I am not convinced that there are any “first mover” advantages to brick & mortar retailers to making significant investments in these emerging technologies. Instead, they should consider a “fast follower” approach.

Liz Crawford
This article began with a look at Walmart acquiring Family Dollar. While this kind of move might seem “regressive,” I see it as simply a bid to own a corner of the market. That corner is often ignored or unloved by marketers, because it isn’t sexy, high-end or tech-forward. I am referring to low income shopper. Walmart is expert at selling to this shopper, and occupying the low-cost producer position. They have made a fortune at it. Acquiring any Dollar Store franchise would extend their domination in this realm. Is it regressive? No, it’s smart. Lower income shoppers certainly have money to spend. However, while they cling to their mobile phones, they aren’t the most progressive tech audience. That’s ok. This group might gravitate toward site-to-store pick up with the mobile phone. But I bet they’ll be slower to move to online delivery (Amazon, B&N, Online delivery means having a secure place to deliver to. Sure there are some retail drop-off spots, but these aren’t always convenient when one is holding down two jobs and has to deal with child care. Further, returns are more time consuming and any payment toward shipping adds to the cost. In short, pure digital retail is… Read more »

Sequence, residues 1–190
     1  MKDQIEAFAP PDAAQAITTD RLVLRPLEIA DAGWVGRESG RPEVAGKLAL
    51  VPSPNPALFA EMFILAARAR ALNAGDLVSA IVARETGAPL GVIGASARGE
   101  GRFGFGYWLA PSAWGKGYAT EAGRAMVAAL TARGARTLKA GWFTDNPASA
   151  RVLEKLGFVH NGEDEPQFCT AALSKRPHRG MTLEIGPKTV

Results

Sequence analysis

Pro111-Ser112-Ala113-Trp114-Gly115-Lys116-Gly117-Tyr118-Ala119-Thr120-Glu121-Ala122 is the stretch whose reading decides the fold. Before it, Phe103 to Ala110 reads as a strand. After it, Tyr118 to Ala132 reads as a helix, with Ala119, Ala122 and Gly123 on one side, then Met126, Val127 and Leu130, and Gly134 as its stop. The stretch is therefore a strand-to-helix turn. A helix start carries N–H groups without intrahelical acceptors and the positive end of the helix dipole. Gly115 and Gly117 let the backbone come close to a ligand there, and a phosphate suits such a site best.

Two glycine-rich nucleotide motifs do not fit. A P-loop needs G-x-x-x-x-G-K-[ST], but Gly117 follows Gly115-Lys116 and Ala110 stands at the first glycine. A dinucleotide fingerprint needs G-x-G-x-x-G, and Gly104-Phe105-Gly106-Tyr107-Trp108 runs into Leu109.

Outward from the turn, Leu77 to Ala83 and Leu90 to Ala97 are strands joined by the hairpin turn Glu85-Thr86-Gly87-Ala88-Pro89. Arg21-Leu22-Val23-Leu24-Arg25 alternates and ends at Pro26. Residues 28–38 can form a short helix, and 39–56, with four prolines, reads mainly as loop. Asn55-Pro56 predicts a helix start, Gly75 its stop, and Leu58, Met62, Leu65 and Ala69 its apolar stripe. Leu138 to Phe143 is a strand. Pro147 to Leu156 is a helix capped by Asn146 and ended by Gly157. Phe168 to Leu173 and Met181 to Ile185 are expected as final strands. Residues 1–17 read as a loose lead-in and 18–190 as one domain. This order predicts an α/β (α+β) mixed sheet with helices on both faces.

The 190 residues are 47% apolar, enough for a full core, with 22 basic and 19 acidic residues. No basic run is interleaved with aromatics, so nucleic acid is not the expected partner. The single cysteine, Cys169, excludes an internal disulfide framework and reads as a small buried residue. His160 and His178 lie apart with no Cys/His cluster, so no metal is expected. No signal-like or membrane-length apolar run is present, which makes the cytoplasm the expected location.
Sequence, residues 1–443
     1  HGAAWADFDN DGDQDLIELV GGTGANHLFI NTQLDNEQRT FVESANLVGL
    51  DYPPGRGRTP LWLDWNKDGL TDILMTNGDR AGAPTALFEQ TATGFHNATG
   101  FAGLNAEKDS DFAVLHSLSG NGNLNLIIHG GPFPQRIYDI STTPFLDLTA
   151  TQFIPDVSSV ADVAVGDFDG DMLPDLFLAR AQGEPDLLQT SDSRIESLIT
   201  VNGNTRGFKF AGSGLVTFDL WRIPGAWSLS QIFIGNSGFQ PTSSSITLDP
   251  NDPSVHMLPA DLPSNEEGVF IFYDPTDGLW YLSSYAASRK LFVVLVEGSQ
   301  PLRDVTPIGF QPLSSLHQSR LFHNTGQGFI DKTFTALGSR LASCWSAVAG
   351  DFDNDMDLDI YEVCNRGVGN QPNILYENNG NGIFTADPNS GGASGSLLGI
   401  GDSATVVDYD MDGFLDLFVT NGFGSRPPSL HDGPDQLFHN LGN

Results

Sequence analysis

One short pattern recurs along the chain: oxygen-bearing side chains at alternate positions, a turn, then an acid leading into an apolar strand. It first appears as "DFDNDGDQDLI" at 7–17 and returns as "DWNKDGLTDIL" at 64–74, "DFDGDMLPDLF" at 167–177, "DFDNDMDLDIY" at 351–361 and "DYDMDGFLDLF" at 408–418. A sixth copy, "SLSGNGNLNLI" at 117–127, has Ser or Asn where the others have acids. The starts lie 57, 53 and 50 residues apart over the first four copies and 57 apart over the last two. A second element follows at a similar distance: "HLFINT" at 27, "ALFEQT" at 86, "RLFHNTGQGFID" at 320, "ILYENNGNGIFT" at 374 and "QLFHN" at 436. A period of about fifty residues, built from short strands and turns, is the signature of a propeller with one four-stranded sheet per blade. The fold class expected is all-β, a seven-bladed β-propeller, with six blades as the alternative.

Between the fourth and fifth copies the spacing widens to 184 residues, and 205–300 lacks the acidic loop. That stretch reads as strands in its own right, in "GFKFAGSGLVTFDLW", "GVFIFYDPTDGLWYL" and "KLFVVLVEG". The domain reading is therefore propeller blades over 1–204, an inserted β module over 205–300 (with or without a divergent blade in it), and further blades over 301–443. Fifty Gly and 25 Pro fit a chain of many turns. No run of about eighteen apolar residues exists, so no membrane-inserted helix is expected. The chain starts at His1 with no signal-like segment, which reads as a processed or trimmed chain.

Lee Kent

The problem with so many brick and mortar retailers is that their infrastructures are so tangled up that it restricts what they can do.